4. Sedum Nuttalliànum Raf. Nuttall's Stonecrop

Fig. 2137

Sedum Nuttallianum Raf. Atl. Journ. 1: 146. 1832.

Sedum Torreyi Don, Gard. Dict. 3: 121. 1834.

Sedum sparsiflorum Nutt.; T. & G. Fl. N. A. 1: 559. 1840.

Annual, low, tufted, glabrous, 2'-3' high. Leaves alternate, scattered, linear-oblong, teretish, sessile, entire, 2"-6" long; cyme 2-5-forked, its branches ¥-2' long; flowers sessile or very short-pedicelled, about 3 1/2" broad; petals yellow, lanceolate, acute, somewhat longer than the ovate sepals; follicles widely divergent, tipped with the short subulate style.

In dry, open places, Missouri and Arkansas to Texas. May.

5. Sedum Stenopétalum Pursh. Narrow-Petaled Stonecrop

Fig. 2138

Sedum stenopetalum Pursh, Fl. Am. Sept. 324. 1814.

Perennial, tufted, glabrous; flowering branches erect, 3-7' high. Leaves alternate, crowded but scarcely imbricated, except on the sterile shoots, sessile, terete or linear, 3"-8" long, entire; cyme 3-7-forked, compact, the branches 1/2'-1' long; flowers mostly short-pedicelled, 4"-5" broad; petals narrowly lanceolate, very acute, yellow, much exceeding the calyx-lobes; follicles about 2" long, their subulate style-tips at length somewhat divergent.

In dry rocky places, South Dakota to Alberta, Nebraska, Oregon and California. May-June.

5 Sedum Stenop Talum Pursh Narrow Petaled Stonecro 4805 Sedum Stenop Talum Pursh Narrow Petaled Stonecro 481

6. Sedum Reflexum L. Crooked Yellow Or Reflexed Stonecrop. Dwarf House-Leek

Fig. 2139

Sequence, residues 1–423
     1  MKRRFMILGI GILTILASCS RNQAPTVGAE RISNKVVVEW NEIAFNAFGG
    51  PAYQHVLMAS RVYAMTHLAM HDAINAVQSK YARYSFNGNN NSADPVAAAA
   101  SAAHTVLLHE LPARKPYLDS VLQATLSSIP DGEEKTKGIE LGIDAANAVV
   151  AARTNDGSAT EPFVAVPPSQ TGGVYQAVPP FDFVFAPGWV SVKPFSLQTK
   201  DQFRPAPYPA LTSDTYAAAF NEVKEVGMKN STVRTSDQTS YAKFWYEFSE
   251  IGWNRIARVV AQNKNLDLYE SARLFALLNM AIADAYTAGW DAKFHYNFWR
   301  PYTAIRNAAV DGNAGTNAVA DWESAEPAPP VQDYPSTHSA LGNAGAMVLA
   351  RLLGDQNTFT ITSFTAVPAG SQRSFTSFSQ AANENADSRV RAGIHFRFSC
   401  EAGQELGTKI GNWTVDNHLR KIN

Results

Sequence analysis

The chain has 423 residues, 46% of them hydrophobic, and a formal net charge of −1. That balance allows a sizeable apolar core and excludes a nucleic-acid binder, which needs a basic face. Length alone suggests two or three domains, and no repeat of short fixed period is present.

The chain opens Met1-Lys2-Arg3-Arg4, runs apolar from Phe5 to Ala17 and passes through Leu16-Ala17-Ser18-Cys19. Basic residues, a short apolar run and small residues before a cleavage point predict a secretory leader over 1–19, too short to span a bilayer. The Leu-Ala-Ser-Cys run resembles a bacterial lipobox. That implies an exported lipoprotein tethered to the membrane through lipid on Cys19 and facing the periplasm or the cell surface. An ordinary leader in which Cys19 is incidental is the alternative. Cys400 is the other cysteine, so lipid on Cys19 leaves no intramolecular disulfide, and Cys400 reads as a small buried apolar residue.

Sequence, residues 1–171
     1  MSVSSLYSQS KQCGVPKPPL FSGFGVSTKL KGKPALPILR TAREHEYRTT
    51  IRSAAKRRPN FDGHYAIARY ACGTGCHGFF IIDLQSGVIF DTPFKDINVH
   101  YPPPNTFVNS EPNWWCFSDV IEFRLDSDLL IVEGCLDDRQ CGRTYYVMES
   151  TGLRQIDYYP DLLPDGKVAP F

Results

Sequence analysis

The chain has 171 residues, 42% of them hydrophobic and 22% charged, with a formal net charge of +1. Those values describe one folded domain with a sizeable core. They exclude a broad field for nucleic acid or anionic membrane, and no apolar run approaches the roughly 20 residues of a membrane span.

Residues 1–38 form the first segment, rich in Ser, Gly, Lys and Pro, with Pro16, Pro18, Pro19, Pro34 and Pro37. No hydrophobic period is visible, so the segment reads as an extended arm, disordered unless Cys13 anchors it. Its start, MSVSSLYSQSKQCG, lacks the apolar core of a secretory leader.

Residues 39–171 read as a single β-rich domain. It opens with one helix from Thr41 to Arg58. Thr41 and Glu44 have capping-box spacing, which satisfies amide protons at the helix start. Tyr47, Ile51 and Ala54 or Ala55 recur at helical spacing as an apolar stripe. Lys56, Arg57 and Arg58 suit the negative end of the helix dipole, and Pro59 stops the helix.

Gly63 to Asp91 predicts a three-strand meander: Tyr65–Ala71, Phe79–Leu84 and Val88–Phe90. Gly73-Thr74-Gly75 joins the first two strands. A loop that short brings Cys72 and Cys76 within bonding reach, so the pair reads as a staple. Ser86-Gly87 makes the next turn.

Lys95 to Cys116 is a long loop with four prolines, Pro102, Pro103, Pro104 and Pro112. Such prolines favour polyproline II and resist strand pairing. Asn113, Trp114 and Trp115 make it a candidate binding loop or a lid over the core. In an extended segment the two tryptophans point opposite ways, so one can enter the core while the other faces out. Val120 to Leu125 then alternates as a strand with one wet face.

Sedum reflexum L. Sp. Pl. Ed. 2, 618. 1762.

Perennial by a creeping stem producing numerous short barren shoots, the flowering branches erect, 8'-14' high. Leaves alternate, sessile, densely imbricated on the sterile shoots, terete, somewhat spurred at the base, 3"-9" long; cyme 4-8-forked, its branches recurved in flower; flowers 4"-6" broad; petals linear, yellow, two to three times as long as the short ovate sepals; follicles about \\" long, tipped with a very slender somewhat divergent style.

Eastern Massachusetts and western New York, locally escaped from gardens. Native of Europe. Summer. Indian-fog. Love-in-a-chain. Prick-, trip-or trick-madam. Creeping Jennie. Ginger.

7. Sedum Pulchéllum Michx. Widow's Cross. Rock- Or Mountain-Moss

Fig. 2140

Sedum pulchellum Michx. Fl. Bor. Am. 1: 277. 1803.

Perennial (?), glabrous, ascending or trailing, branched at the base, 4'-12' long. Leaves densely crowded, terete or linear, sessile, obtuse at the apex, slightly auriculate at the base, 3"-12" long, about l" wide; cyme 4-7-forked, its branches spreading or recurved in flower; flowers sessile, close together, 4"-6" broad; petals rose-purple, pink, or white, linear-lanceolate, acute, about twice the length of the lanceolate obtusish sepals; follicles 2"-3" long, tipped with a slender style.

On rocks, Virginia to Georgia, west to Indiana, Kentucky, Missouri, Kansas and Texas. May-July. Cultivated in the South under the above name. Flowering-moss.

7 Sedum Pulch Llum Michx Widow s Cross Rock Or Mou 482